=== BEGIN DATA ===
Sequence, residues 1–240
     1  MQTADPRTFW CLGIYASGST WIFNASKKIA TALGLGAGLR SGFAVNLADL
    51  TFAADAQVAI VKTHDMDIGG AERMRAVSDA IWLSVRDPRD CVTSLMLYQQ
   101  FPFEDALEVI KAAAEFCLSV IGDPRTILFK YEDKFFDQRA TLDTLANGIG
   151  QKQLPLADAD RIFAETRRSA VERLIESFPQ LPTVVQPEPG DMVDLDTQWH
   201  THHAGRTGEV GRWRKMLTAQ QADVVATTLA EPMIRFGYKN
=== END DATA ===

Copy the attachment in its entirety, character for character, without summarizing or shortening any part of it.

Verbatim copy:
Sequence, residues 1–240
     1  MQTADPRTFW CLGIYASGST WIFNASKKIA TALGLGAGLR SGFAVNLADL
    51  TFAADAQVAI VKTHDMDIGG AERMRAVSDA IWLSVRDPRD CVTSLMLYQQ
   101  FPFEDALEVI KAAAEFCLSV IGDPRTILFK YEDKFFDQRA TLDTLANGIG
   151  QKQLPLADAD RIFAETRRSA VERLIESFPQ LPTVVQPEPG DMVDLDTQWH
   201  THHAGRTGEV GRWRKMLTAQ QADVVATTLA EPMIRFGYKN